You know the virtues of regular physical activity: it can lower your risk of becoming overweight and can keep diseases like heart problems and diabetes at bay. But can it help reduce the risk of cancer, too? A new study published in JAMA Internal Medicine sheds new light on that question.
Previous studies have found that people who are more active tend to have lower rates of colon, breast and endometrial cancer. Exercise might lower colon tumors by speeding the transit of waste through the intestines, leaving little time for any potential cancer-causing agents to harm intestinal tissues. And physical activity can lower estrogen levels, which are known to contribute to breast and endometrial tumors. Still, there was plenty scientists didn’t fully understand about the mechanism, if there is one, by which exercise cuts down on cancer risk.
In an effort to get a more complete picture of how exercise and cancer interact, a team led by Steven Moore, a cancer epidemiologist at the National Cancer Institute, took on the ambitious task of pooling data from 1. 4 million people who reported on their physical activity levels over a period of 11 years. Moore matched these peoples’ exercise records with whether they developed 26 different types of cancer.
The data came from 12 different studies that looked at a wide range of the U.S. and European populations. Overall, people who exercising more saw a 7% lower risk of developing any type of cancer than people who exercised less. But the reduced risk was especially striking for 13 types of cancers. People who were more active had on average a 20% lower risk of cancers of the esophagus, lung, kidney, stomach, endometrium and others compared with people who were less active. The reduction was slightly lower for colon, bladder, and breast cancers.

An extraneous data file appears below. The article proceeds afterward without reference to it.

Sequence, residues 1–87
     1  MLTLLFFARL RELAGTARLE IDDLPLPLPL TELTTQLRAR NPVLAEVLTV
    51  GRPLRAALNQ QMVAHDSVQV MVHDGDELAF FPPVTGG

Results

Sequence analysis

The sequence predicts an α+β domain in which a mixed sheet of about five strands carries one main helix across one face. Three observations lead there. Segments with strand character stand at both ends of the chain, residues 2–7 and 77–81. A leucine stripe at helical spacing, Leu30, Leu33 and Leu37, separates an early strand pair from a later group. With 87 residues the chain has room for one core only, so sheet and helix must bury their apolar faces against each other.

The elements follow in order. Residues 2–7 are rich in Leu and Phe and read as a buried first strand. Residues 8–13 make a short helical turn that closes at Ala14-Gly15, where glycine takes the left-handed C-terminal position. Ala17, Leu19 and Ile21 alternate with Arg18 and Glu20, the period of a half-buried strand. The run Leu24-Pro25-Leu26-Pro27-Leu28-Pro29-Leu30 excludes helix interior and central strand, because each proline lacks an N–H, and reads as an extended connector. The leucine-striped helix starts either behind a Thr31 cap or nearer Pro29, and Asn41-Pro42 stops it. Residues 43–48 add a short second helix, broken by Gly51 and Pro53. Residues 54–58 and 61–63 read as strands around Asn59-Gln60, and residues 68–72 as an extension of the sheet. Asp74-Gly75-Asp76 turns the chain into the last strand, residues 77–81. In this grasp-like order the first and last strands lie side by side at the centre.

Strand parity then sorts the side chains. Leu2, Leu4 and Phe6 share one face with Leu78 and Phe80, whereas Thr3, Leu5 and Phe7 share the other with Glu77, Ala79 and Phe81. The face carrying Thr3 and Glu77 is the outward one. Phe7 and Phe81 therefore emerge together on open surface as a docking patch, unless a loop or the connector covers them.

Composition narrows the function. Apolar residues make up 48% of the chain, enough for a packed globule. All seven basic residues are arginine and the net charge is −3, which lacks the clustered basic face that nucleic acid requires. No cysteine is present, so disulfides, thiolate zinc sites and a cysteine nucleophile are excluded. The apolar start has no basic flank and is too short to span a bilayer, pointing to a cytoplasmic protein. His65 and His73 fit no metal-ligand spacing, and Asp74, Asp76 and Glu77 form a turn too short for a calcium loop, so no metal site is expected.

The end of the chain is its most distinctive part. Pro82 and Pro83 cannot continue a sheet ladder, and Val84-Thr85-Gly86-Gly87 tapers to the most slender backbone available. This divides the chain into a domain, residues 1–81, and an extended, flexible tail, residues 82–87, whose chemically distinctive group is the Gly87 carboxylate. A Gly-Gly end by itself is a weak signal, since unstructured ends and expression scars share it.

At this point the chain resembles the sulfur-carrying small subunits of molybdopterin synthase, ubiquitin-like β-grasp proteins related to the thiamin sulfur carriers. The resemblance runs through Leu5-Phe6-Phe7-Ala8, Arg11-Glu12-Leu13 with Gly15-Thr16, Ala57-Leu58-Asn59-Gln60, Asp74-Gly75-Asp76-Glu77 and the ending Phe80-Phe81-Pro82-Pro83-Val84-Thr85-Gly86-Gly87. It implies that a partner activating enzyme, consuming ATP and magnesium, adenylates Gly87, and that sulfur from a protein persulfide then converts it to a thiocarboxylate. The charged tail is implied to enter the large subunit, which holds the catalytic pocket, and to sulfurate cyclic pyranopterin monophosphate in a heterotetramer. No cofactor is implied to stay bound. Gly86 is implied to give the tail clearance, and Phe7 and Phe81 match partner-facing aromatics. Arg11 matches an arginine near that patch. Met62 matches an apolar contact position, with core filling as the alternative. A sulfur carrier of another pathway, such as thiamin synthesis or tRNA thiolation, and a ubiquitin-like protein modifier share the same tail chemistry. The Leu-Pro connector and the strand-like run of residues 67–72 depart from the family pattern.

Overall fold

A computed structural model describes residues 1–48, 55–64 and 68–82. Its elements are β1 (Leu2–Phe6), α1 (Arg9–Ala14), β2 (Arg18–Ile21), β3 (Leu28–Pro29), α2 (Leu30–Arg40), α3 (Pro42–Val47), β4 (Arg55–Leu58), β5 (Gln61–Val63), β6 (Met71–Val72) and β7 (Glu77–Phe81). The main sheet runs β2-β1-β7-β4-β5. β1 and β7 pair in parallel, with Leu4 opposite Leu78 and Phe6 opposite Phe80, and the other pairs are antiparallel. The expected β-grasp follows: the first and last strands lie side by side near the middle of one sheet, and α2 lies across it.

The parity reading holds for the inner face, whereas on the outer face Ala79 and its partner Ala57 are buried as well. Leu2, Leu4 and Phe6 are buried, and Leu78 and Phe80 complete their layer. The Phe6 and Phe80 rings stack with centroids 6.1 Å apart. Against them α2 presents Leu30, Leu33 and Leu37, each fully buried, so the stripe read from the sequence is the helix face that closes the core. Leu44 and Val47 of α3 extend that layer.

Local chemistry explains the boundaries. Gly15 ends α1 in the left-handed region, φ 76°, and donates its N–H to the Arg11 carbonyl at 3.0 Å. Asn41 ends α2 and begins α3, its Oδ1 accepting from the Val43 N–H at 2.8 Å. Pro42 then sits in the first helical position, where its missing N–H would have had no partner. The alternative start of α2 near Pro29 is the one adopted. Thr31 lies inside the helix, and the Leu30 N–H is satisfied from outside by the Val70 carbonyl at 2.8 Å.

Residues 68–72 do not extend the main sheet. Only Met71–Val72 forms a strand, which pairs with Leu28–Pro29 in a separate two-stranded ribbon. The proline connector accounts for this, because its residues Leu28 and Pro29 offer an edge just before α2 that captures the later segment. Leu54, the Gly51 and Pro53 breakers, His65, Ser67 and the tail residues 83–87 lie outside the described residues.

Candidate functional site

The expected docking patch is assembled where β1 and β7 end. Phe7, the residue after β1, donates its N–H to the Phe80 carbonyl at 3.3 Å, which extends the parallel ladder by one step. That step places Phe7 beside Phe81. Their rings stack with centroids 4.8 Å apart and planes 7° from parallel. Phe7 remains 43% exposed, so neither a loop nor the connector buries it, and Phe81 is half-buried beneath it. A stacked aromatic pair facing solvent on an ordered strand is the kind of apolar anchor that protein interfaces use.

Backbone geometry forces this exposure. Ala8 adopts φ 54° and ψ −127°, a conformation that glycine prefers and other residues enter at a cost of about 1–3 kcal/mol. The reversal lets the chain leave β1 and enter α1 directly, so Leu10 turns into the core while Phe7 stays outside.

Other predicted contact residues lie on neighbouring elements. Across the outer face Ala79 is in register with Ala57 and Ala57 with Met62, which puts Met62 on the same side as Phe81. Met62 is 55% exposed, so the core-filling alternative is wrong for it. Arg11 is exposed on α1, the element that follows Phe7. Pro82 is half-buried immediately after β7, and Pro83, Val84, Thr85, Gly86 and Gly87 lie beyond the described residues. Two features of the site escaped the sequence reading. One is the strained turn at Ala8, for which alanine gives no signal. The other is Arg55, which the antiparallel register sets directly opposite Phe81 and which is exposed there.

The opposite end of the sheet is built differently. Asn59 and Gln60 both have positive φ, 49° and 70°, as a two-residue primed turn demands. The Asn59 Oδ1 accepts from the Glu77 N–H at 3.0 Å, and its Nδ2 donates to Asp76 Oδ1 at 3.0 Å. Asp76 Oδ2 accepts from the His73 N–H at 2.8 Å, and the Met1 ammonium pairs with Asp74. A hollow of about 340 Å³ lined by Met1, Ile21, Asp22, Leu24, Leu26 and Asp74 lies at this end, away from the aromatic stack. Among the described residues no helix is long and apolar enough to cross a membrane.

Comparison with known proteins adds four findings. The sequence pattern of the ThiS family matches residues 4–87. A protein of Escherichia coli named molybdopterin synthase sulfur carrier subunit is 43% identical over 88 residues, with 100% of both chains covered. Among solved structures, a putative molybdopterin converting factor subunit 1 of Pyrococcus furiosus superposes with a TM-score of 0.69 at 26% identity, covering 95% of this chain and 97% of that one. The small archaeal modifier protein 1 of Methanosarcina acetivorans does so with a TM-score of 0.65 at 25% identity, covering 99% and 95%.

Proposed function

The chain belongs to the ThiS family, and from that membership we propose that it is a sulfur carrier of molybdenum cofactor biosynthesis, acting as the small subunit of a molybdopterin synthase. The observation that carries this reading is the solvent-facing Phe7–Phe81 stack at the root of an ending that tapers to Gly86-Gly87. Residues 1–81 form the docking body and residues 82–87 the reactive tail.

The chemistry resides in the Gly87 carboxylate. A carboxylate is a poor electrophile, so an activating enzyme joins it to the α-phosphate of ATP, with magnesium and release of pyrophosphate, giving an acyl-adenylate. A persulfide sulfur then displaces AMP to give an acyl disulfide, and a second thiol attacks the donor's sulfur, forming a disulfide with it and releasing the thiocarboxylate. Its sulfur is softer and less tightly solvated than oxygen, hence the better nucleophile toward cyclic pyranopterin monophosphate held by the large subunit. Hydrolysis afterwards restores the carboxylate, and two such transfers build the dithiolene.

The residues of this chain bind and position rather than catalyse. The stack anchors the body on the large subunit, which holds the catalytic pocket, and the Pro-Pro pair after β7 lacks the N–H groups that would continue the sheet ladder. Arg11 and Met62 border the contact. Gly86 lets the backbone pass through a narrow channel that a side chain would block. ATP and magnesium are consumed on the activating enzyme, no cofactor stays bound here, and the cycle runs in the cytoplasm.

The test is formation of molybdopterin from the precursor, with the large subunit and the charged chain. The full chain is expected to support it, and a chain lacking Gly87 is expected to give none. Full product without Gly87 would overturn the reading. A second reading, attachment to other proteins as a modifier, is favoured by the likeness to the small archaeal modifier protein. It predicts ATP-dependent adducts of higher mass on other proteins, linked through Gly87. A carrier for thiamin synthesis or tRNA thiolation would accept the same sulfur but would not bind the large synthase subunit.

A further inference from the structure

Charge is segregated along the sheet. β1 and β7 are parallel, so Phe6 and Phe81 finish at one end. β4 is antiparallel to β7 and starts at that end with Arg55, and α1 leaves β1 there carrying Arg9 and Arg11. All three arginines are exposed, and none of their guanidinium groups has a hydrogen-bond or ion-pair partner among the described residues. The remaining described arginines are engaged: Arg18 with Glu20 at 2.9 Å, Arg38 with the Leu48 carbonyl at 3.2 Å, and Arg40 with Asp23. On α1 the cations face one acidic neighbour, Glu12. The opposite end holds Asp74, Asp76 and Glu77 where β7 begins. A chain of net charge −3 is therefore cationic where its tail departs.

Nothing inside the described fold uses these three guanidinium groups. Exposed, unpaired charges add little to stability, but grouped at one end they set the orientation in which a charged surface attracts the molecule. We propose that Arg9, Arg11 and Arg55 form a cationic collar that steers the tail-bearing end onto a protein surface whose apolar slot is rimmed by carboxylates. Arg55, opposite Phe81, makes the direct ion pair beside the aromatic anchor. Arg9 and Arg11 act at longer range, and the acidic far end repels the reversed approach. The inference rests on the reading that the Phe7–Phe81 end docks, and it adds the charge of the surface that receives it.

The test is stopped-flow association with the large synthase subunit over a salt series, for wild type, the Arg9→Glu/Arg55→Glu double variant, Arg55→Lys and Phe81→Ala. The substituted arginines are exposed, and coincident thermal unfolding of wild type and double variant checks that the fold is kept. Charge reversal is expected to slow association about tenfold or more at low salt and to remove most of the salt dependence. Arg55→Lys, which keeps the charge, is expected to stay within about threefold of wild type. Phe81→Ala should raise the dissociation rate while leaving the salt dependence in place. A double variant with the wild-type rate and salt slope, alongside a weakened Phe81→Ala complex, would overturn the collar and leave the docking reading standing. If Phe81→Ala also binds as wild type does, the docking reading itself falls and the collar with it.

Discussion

“Everybody knows physical activity reduces heart disease risk,” says Moore. “The takeaway here is that physical activity might reduce the risk of cancers as well. Cancer is a very feared disease, but if people understand that physical activity can influence their risk for cancer, then that might provide yet one more motivating factor to become active.”
Moore says that the relationship between physical activity and power cancer risk remained strong even after adjusting for other potential factors that could account for the reduction, including things like body mass index (BMI), diet and whether or not they smoked. While the reason for exercise’s benefit in lowering risk of these cancers isn’t clear, it’s possible that physical activity can shift insulin and inflammation to more beneficial levels that don’t promote tumor formation.
Two types of cancers, melanoma and prostate cancer, were higher among those who were more active. The skin cancer risk could be because people who exercise more may spend more time outdoors. The prostate cancer connection may be more complicated. Men who are more active may also pay more attention to their health overall, and therefore get screened more regularly for prostate cancer. (Many prostate cancers are not aggressive and do not require treatment.)
Moore adds the caveat that while the data are striking, and the sheer number of people involved gives the results some validity, the association still needs to be confirmed with more studies. For one, the people self-reported on their physical activity, and while the researchers asked them to include only moderate to vigorous exercise, there could still be some bias in how the people recorded their exercise levels. And while they accounted for major factors that could influence cancer outcomes, they might not have included all potential confounders. Even adjusting for BMI, for example, was tricky, since exercise can affect BMI since it affects weight, and people who are heavier tend to be less active.
Still, he says, the study is the most comprehensive look so far at how physical activity can influence cancer risk, and offers another potential way for people to lower their risk of the disease.